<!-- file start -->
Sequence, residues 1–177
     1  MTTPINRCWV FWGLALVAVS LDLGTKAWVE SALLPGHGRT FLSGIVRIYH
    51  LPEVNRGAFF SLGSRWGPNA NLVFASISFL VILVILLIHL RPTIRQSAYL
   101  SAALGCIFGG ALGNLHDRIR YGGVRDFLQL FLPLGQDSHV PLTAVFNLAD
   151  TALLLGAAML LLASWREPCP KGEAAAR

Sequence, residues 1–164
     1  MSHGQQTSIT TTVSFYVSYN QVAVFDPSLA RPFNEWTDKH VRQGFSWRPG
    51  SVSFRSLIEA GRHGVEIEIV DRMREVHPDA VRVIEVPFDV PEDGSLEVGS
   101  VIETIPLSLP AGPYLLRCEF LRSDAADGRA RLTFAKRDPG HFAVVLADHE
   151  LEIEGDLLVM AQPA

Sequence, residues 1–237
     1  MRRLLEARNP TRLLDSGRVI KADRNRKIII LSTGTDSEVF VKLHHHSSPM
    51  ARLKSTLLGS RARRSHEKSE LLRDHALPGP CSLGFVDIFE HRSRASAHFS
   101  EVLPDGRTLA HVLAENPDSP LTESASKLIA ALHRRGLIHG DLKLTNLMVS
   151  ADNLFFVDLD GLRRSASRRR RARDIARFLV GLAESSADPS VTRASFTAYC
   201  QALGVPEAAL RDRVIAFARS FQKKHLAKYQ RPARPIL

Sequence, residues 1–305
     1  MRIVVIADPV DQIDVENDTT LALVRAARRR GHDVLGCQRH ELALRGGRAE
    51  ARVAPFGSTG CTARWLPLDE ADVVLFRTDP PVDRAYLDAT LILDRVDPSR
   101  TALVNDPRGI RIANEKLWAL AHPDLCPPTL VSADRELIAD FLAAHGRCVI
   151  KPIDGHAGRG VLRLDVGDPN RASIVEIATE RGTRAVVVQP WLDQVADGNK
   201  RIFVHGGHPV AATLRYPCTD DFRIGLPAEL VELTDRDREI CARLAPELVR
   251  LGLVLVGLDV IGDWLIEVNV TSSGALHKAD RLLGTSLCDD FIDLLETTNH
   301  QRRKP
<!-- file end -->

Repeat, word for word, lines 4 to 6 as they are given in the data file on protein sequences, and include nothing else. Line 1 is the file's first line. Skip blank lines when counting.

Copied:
   101  SAALGCIFGG ALGNLHDRIR YGGVRDFLQL FLPLGQDSHV PLTAVFNLAD
   151  TALLLGAAML LLASWREPCP KGEAAAR

Sequence, residues 1–164